http://www.pomegranateandpatchouli.com/2009/11/penguin-classics-by-ruben-toledo.html

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  9. Anne Rice - The Witching Hour; amazing cover :)
    Jane Austen - Pride and Prejudice; failed cover :(

    your blog's a good read hunter :)

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  10. Hi, JW. Thanks for stopping by!

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  11. I love books, but I feel strongly about their covers too for some reason. I spend a lot of time, probably more than most people, staring at a cover (before and after I've read a book). I don't know if it's habit or what. Just something I do.

    I like the covers that Wendell Minor did for author Pat Conroy. But other than that, I think my favorites are usually bright and quirky or a plain sort of photograph - like the cover on David Sedaris's Dress Your Family in Corduroy and Denim.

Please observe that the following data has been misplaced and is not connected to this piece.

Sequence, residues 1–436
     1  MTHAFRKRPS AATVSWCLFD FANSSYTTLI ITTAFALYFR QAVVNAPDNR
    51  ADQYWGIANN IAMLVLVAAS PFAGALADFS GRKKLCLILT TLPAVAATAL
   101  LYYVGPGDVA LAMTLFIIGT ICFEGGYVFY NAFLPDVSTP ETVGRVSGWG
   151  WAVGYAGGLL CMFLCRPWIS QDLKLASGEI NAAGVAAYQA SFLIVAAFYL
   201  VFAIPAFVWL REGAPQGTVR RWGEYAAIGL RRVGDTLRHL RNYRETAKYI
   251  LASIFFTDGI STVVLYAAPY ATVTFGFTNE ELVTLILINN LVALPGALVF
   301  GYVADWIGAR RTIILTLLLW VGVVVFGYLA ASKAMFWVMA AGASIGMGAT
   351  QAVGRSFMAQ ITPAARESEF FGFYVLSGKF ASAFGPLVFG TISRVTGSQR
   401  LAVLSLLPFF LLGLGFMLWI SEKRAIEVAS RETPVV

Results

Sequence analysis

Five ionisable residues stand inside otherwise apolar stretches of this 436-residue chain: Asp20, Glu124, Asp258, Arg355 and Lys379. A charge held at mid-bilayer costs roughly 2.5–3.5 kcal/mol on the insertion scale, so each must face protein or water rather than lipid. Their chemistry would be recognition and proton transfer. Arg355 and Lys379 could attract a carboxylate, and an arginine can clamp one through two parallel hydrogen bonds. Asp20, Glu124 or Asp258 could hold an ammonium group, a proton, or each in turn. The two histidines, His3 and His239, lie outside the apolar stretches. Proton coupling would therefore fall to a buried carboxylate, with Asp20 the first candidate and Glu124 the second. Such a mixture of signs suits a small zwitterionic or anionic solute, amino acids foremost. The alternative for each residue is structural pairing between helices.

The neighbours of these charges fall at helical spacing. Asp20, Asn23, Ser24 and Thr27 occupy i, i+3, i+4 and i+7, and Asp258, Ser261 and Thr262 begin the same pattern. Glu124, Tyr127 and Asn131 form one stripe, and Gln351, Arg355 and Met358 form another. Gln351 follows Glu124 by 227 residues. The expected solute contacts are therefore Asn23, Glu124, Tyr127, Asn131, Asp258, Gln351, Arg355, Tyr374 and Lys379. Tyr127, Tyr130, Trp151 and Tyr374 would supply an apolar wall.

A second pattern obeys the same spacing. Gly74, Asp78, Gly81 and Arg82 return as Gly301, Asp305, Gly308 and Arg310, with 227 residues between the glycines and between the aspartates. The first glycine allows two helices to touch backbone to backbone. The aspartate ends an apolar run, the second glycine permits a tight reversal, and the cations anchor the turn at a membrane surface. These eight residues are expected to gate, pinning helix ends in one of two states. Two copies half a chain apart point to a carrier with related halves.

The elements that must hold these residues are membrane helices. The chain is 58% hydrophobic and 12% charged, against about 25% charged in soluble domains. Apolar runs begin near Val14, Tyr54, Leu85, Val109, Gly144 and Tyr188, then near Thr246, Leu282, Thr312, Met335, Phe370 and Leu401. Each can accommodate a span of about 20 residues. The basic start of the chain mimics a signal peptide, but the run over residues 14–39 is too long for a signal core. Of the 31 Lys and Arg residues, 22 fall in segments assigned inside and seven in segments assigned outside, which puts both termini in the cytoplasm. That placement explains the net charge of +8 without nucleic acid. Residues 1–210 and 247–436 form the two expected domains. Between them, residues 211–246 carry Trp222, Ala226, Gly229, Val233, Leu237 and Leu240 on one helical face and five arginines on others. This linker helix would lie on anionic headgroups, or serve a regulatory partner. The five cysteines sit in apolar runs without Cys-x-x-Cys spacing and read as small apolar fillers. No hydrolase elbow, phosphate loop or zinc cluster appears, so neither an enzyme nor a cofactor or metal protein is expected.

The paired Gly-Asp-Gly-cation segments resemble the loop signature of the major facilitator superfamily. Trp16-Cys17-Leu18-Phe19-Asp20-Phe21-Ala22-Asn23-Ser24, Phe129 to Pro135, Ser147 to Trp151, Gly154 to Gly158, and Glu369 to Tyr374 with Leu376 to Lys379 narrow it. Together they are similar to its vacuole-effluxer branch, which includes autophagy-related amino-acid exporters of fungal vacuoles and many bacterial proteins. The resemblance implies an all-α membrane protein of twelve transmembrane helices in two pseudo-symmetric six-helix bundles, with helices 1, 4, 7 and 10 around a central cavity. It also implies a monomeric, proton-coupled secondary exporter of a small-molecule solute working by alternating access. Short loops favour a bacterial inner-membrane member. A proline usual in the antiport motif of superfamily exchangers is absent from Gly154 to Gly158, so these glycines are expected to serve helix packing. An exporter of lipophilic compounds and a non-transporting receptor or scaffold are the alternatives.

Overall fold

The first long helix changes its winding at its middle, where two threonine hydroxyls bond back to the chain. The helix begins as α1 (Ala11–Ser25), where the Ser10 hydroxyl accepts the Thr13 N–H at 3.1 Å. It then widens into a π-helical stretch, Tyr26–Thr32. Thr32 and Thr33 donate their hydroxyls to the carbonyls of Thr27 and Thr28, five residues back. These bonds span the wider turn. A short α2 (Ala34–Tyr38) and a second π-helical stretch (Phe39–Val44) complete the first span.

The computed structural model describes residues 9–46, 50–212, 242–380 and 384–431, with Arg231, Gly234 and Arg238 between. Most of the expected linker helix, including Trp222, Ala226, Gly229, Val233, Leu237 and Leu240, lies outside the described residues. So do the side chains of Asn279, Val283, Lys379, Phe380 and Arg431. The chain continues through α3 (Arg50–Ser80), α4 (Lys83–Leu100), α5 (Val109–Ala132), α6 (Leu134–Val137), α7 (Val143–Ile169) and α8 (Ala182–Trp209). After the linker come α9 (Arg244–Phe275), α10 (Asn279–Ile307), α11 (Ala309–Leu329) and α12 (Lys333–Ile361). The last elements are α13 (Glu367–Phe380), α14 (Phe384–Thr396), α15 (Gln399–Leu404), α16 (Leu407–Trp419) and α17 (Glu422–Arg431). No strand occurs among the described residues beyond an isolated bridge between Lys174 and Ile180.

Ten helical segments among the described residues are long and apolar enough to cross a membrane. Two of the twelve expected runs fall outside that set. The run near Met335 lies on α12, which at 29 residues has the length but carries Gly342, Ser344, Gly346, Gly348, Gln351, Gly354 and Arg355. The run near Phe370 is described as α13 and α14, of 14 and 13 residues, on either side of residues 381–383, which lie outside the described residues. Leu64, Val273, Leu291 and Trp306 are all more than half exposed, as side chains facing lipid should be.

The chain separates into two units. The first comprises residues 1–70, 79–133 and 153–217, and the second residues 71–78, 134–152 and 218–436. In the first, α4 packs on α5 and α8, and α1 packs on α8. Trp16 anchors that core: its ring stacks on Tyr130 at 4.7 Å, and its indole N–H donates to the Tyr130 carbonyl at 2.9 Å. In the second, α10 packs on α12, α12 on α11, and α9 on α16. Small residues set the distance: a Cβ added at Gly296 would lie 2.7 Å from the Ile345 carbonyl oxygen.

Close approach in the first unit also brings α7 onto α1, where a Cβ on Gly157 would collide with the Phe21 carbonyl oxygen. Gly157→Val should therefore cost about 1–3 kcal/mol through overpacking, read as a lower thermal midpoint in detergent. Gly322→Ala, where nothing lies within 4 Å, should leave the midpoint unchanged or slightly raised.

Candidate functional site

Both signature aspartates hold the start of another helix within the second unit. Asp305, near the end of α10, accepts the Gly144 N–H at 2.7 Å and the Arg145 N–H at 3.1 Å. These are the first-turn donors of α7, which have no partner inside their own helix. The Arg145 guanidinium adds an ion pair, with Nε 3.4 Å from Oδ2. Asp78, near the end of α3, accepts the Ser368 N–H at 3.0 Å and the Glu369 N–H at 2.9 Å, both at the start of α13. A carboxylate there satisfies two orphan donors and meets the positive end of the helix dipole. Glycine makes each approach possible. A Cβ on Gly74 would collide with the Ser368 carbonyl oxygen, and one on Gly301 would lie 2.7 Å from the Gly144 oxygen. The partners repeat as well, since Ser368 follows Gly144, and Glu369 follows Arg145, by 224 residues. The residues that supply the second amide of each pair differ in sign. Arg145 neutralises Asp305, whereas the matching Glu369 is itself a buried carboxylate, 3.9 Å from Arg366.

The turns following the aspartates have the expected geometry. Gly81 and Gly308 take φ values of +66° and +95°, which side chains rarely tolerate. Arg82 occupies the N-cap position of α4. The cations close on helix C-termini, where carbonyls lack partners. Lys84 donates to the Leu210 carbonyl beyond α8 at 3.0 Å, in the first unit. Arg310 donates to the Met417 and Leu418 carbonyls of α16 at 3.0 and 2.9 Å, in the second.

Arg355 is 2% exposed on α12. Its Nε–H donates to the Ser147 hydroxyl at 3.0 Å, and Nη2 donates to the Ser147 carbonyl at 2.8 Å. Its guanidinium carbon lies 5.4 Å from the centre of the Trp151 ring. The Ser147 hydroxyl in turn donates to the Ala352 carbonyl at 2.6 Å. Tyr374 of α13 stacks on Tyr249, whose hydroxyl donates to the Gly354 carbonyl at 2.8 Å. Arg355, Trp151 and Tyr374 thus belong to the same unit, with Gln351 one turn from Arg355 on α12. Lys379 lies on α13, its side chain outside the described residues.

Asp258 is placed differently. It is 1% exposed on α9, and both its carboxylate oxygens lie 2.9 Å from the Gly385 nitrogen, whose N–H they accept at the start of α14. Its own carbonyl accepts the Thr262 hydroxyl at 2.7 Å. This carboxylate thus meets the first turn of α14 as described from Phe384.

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  12. Hi... just wanted to say I really like your blog - keep up the great work!!

    Steve
    common cents
    http://www.commoncts.blogspot.com

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  13. As much as I try not to judge, I'm guilty. I'm a fan of clean looking covers that allow the title to jump out. Especially in a font that somehow hints at the books content, like The Great Gatsby: http://www.unc.edu/~wellons/images/gatsby.jpg

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  14. I bought a book because of its cover. The book was "Bloodroot" by Amy Greene. The cover was a superb photo of a young girl stretched out in the grass. The girl happened to be the daughter of one of my oldest and dearest friends. I figured that any author who would pick such an excellent subject for her book cover must be interesting to read. I was right.